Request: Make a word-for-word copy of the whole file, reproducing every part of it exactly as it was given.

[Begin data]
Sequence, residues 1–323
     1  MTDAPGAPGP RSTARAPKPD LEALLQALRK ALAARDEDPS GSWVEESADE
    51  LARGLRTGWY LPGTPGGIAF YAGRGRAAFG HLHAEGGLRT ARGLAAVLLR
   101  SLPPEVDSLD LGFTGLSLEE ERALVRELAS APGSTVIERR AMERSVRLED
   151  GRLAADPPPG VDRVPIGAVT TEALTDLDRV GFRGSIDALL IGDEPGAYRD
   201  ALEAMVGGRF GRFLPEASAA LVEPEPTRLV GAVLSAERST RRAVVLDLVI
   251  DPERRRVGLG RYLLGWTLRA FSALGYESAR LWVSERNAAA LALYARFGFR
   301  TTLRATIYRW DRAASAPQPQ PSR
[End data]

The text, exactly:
Sequence, residues 1–323
     1  MTDAPGAPGP RSTARAPKPD LEALLQALRK ALAARDEDPS GSWVEESADE
    51  LARGLRTGWY LPGTPGGIAF YAGRGRAAFG HLHAEGGLRT ARGLAAVLLR
   101  SLPPEVDSLD LGFTGLSLEE ERALVRELAS APGSTVIERR AMERSVRLED
   151  GRLAADPPPG VDRVPIGAVT TEALTDLDRV GFRGSIDALL IGDEPGAYRD
   201  ALEAMVGGRF GRFLPEASAA LVEPEPTRLV GAVLSAERST RRAVVLDLVI
   251  DPERRRVGLG RYLLGWTLRA FSALGYESAR LWVSERNAAA LALYARFGFR
   301  TTLRATIYRW DRAASAPQPQ PSR